On September 2, 2016, the Wygants filed an answer and counterclaim.[12]They argue that the Declaration is applicable only to the lots in Phase 1 of the Newell's Creek development; deny that the Wygants had actual or constructive notice that the property was subject to the Declaration or that the common plan doctrine applies; and claim that the Wygants paid any assessment by mistake, under duress, threat of a sheriff's sale, and a reservation of rights, and that the Wygants' property is not under the auspices of the Association so it has received no benefit. In their counterclaim, the Wygants seek a declaratory judgment that the Declaration does not apply to their property, and that the Association has deliberately asserted bad faith claims and used the Declaration to extort assessments from the Wygants.

         The Association denies the assertions in the counterclaim, claiming that Tami Wygant served on the board of directors for Newells Creek and her conduct – in enforcing the Declaration as a board member – estops the Wygants from asserting they are not members of the Association and are not subject to the Declaration.[13] Following discovery,[14] there was no activity in the case between April of 2018 and April of 2019.[15] On April 15, 2019, the Association filed a motion for summary judgment ("Motion") arguing that there are no material facts in dispute and the case can be decided as a matter of law under the common plan doctrine, since a general and uniform plan existed prior to the development, and the Wygants had constructive notice of the existence of a general building plan schedule prior to purchasing their lot.[16] Further, the Association claims the Wygants paid all assessments from 2006 (when they took possession) until 2013, and that Tami Wygant's claim that she was not a board member is unsupported by the evidence.[17]

         The Wygants' May 29, 2019 response to the Motion denies that the common plan doctrine applies and asserts that the clear and unambiguous language of the Declaration provides that, if a Newell's Creek lot is not specifically bound by the Declaration, then it is only bound if the owners join the Declaration by separate writing.[18] And, there is no writing that subjects the Wygants' property to the Declaration. Accordingly, it is improper to consider extrinsic evidence of the Developers' intent. And even if the Association's evidence is considered, it does not show the Developers' intent.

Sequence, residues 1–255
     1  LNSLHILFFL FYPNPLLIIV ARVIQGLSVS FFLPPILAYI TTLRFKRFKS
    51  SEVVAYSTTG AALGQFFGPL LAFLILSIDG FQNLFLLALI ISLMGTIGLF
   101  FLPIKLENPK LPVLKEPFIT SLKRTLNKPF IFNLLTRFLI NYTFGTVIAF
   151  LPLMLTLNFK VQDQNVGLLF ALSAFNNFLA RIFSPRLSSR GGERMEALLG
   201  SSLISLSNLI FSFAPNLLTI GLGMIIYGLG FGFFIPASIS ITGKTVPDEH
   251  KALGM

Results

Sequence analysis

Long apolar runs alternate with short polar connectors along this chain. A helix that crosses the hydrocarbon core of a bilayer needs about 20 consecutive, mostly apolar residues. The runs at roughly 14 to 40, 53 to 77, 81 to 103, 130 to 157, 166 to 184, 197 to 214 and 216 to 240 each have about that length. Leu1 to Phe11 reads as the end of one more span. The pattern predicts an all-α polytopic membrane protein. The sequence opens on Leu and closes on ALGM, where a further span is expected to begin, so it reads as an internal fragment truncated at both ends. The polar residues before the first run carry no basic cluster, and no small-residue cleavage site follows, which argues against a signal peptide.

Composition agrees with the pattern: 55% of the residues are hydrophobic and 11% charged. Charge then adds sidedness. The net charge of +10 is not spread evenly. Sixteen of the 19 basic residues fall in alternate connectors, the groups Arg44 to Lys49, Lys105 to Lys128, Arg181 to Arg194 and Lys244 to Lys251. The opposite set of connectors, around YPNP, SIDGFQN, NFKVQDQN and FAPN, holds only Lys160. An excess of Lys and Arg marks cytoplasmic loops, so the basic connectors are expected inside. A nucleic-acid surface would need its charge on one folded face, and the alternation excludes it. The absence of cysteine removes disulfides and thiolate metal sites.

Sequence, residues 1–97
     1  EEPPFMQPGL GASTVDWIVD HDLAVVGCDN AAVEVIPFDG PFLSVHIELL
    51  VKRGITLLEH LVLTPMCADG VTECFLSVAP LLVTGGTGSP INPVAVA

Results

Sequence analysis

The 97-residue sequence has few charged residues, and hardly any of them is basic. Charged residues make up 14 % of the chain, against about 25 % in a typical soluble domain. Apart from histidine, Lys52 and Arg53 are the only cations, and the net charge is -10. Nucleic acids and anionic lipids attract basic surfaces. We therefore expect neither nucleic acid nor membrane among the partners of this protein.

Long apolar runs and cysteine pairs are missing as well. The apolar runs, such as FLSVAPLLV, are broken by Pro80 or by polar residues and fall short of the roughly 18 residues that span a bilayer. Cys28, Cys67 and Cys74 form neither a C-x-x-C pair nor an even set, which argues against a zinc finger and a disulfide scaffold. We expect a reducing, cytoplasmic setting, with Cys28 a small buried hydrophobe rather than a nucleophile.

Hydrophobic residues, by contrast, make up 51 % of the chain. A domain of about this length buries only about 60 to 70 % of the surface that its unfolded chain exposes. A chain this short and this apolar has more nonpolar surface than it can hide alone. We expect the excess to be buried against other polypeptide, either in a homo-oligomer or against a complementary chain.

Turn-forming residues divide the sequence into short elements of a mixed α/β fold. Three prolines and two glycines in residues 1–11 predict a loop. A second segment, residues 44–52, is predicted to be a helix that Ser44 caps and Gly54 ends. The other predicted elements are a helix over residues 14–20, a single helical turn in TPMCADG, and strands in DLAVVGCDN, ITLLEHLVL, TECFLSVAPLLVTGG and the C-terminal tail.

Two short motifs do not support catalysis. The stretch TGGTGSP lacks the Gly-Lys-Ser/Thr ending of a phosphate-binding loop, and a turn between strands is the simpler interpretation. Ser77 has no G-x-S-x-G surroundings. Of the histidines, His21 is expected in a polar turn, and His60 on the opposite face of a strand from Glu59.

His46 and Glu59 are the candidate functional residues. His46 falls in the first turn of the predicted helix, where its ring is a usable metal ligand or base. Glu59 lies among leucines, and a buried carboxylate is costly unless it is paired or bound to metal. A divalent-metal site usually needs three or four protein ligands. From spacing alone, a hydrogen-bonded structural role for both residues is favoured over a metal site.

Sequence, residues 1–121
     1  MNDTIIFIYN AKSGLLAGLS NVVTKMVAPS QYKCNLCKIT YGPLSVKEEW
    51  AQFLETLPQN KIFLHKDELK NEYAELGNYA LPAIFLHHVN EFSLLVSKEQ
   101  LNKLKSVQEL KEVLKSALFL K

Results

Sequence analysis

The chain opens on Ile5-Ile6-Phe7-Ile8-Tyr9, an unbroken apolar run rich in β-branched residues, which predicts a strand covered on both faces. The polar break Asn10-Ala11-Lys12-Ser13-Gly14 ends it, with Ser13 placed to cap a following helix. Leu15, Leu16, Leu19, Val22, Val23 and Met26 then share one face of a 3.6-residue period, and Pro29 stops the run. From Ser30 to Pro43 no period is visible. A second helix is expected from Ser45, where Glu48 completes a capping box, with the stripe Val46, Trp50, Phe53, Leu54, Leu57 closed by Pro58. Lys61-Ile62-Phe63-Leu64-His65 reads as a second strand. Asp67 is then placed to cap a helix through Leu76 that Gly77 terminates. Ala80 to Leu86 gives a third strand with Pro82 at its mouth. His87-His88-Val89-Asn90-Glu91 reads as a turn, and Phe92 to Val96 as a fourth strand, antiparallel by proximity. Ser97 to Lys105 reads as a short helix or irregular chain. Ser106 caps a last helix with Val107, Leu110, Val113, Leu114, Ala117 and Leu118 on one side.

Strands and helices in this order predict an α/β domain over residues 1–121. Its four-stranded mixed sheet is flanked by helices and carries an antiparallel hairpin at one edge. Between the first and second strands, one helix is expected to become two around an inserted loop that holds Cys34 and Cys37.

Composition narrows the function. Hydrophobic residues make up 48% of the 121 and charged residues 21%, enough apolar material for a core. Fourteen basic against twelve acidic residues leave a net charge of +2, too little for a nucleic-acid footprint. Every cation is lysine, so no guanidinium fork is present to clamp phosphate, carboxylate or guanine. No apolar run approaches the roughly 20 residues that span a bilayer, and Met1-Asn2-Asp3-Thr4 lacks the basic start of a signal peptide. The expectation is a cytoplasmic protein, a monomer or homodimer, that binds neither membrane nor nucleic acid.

In its June 13, 2019 reply, the Association reiterates that the common plan doctrine, the Developers' intent to build out all of the lots as evidenced by the Plan, and equity, support the enforcement of the Declaration against the Wygants.[19]Additional information was requested from the Association and submitted on September 13, 2019.

         II. Standard for Review

         Under Court of Chancery Rule 56, the court grants a motion for summary judgment when "the moving party demonstrates the absence of issues of material fact and that it is entitled to a judgment as a matter of law."[20] The moving party bears the burden of demonstrating that no material issues of fact are in dispute and that it is entitled to judgment as a matter of law.[21] Once the moving party has satisfied that burden, it falls on the non-moving party to show that there are factual disputes. Evidence must be viewed "in the light most favorable to the non-moving party."[22] Summary judgment may not be granted when material issues of fact exist or if the Court determines that it "seems desirable to inquire more thoroughly into the facts in order to clarify the application of law to the circumstances."[23]

         III. Analysis